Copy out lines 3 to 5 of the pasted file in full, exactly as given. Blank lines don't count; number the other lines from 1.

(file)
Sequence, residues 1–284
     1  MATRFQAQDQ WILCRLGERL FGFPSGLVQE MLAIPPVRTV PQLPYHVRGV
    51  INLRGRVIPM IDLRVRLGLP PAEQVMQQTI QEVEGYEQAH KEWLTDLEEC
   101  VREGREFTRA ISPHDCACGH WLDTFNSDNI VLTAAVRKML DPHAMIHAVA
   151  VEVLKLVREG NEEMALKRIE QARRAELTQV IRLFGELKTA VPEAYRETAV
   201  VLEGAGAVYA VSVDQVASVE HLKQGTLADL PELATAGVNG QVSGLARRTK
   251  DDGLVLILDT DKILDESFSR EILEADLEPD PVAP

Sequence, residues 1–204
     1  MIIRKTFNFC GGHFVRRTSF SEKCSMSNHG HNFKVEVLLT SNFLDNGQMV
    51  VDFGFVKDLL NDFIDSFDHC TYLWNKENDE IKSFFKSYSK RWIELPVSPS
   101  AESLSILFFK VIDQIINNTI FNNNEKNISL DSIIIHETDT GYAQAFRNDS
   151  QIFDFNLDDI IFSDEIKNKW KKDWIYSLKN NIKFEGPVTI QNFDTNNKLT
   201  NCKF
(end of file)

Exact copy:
    51  INLRGRVIPM IDLRVRLGLP PAEQVMQQTI QEVEGYEQAH KEWLTDLEEC
   101  VREGREFTRA ISPHDCACGH WLDTFNSDNI VLTAAVRKML DPHAMIHAVA
   151  VEVLKLVREG NEEMALKRIE QARRAELTQV IRLFGELKTA VPEAYRETAV